Small Business Funding: Creating and Maintaining Your Company’s Budget

May 4, 2018

A shocking 80% of new businesses fail within the first year and a half.

The reasons are numerous, including misunderstanding your customers, leadership breakdown, and a bad budget.

When it comes to small business funding, a proper budget is necessary, but all the information available on the internet can be overwhelming and difficult to digest.

If you’re looking for an easy-to-understand guide on how to budget your small business, then look no further.

Keep reading to discover 8 things to consider when creating and maintaining your company’s budget.

Add Up Your Expenses

First things first. In order to properly budget, you’ll have to create a master list of all your expenses. There are two main types of costs: fixed costs and variable costs.

Fixed costs are the costs that remain the same week-to-week or month-to-month. This includes rent, internet, paying salaried employees, and accounting fees.

Variable costs are a bit more difficult to plan for because they can be constantly changing. This includes paying hourly employees and buying supplies.

If you’ve already been in business for a little while, this is easier. You can use the data from the previous months or years to accurately budget for costs.

If you’re just starting your business, your best friend will be research. See what others in similar situations are spending. Always try to overestimate the costs you’ll incur because underestimating costs can be detrimental.

And don’t forget to include start-up costs as well.

Project Your Sales

Now that you know your expected costs, it’s time to figure out your projected sales.

Much like with your costs, it can be hard to plan for your sales before you’ve started your business. So, research, research, research! The more real information you can base your budget on, the better.

You’ll want to overestimate when planning your expenses, but underestimate when planning your sales. The reason why is very similar: if you overestimate your sales, then you might find yourself short on money.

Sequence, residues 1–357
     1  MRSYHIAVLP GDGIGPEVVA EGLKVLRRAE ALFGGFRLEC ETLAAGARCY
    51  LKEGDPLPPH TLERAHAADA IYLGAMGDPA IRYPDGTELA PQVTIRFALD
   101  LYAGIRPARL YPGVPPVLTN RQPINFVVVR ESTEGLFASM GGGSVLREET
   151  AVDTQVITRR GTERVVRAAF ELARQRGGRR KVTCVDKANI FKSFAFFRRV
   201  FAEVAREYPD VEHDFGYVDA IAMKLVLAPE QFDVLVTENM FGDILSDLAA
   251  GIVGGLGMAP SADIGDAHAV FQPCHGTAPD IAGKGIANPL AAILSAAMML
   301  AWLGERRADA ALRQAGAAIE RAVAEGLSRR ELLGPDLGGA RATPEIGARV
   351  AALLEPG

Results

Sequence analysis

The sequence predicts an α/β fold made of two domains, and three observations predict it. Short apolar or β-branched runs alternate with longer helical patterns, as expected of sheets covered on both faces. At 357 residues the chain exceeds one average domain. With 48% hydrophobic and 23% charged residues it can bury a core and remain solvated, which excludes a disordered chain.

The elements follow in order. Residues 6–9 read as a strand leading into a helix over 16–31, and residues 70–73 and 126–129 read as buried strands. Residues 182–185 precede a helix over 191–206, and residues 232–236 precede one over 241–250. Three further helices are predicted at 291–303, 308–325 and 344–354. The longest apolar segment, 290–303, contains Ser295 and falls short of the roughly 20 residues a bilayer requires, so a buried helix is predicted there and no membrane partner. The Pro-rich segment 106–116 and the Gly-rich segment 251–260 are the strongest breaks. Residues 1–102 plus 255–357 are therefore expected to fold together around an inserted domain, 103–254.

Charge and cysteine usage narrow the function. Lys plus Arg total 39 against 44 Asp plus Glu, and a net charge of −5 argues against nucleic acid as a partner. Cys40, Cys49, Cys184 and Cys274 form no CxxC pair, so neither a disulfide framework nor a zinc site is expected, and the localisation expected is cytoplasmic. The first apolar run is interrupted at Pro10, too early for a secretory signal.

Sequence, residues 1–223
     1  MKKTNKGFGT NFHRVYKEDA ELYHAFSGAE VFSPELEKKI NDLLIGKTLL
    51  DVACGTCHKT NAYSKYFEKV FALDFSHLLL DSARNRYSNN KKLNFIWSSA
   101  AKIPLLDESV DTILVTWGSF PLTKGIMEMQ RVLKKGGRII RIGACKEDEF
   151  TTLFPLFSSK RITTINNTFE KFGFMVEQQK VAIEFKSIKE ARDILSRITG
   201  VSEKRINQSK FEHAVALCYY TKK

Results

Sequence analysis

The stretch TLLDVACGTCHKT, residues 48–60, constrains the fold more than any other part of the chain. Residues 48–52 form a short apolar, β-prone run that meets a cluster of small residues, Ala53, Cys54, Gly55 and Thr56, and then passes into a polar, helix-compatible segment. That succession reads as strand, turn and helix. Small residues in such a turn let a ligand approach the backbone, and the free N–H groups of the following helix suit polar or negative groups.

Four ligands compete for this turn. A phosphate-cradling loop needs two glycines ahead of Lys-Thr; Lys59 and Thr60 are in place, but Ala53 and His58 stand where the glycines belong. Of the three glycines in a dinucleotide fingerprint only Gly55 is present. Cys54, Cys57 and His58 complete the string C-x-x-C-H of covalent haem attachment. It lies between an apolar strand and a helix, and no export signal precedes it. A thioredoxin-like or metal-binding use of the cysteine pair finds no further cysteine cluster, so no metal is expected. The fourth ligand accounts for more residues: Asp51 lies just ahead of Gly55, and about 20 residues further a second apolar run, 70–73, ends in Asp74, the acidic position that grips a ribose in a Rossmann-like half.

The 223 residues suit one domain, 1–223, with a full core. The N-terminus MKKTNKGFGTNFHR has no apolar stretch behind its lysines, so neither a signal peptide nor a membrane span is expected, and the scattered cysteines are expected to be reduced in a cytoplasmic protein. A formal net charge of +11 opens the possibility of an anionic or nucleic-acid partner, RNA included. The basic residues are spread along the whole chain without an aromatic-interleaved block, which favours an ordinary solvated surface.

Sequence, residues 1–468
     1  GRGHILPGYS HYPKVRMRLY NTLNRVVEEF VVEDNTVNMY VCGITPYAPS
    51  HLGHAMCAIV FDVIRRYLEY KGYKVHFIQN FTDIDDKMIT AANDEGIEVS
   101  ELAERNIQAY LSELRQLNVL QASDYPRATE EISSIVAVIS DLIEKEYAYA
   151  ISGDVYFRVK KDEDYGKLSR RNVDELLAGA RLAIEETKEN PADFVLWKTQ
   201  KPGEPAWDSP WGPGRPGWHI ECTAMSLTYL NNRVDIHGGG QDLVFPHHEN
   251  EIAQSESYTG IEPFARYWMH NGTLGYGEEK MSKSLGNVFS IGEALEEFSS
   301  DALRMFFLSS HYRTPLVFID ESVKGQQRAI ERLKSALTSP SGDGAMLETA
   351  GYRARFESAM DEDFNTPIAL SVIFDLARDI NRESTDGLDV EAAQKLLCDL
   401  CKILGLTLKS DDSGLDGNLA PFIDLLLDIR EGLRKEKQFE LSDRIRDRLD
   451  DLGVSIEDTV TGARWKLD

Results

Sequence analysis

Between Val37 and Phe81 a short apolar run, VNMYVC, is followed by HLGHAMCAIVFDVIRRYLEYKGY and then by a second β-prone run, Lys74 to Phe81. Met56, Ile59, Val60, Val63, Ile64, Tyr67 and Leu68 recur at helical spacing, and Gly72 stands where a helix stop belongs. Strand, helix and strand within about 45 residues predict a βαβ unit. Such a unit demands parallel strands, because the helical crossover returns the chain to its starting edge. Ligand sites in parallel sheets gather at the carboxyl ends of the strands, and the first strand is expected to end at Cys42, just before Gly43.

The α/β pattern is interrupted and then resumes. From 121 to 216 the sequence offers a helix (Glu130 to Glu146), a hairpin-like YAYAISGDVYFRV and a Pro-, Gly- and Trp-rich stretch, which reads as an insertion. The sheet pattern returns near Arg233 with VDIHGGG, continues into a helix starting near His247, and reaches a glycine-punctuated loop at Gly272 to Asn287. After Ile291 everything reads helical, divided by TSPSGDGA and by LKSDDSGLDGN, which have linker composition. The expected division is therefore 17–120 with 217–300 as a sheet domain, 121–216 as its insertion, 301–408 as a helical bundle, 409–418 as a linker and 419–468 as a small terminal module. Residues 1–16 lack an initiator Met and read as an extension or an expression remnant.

So, it’s better to plan for low profits and be pleasantly surprised if you make more than expected.

Expect the Unexpected

Every business will incur some unexpected expenses. Slow seasons, theft, lawsuits, and customers who can’t foot your bill are all examples of some unexpected expenses you might run into.

When you don’t have a large cash flow to play with, even petty theft can severely hurt your profits.

So, how can you plan for this? Well, unfortunately, it can be impossible to list every problem that could happen. All you can do is research your industry and see what unexpected expenses others have dealt with.

When you’ve compiled your list, try to put a reasonable amount of money aside for these situations. Of course, it’s unrealistic to have enough money to cover every negative situation that could happen, but you can create a buffer in your budget to at least help lessen the blow.

Identify Your Gross Profit Margin

When getting involved in small business funding, you’ll probably hear a lot about gross profit margins. Your gross profit margin is the money you have leftover after all your costs are accounted for and all your bills are paid.

Sounds simple enough to calculate, right? Where some business owners go wrong is that they get excited looking at their sales and forget to take into consideration every single cost. Your variable costs or one-time costs might easily slip through the cracks, so don’t forget to include them along with your fixed costs.

When you work on your budget, you should be sure to keep track of your gross profit margin and regularly compare the two. Otherwise, you could be fooled into thinking you’re making money when you’re actually losing money.

Your gross profit margin goal can be used to help decide your budget by helping you figure out how much you should charge for your products or how much you should spend and still make a profit at the end of the month.

Budget for an Occasional Negative Cash Flow

Gross profit margins and cash flow are sometimes confused. Remember, gross profit is the leftover money you have after all your costs. Cash flow, which is equally important in small business funding, focuses on how much money is coming in and out of your business on a month-to-month basis.

It’s also the reason why you should consider budgeting for savings.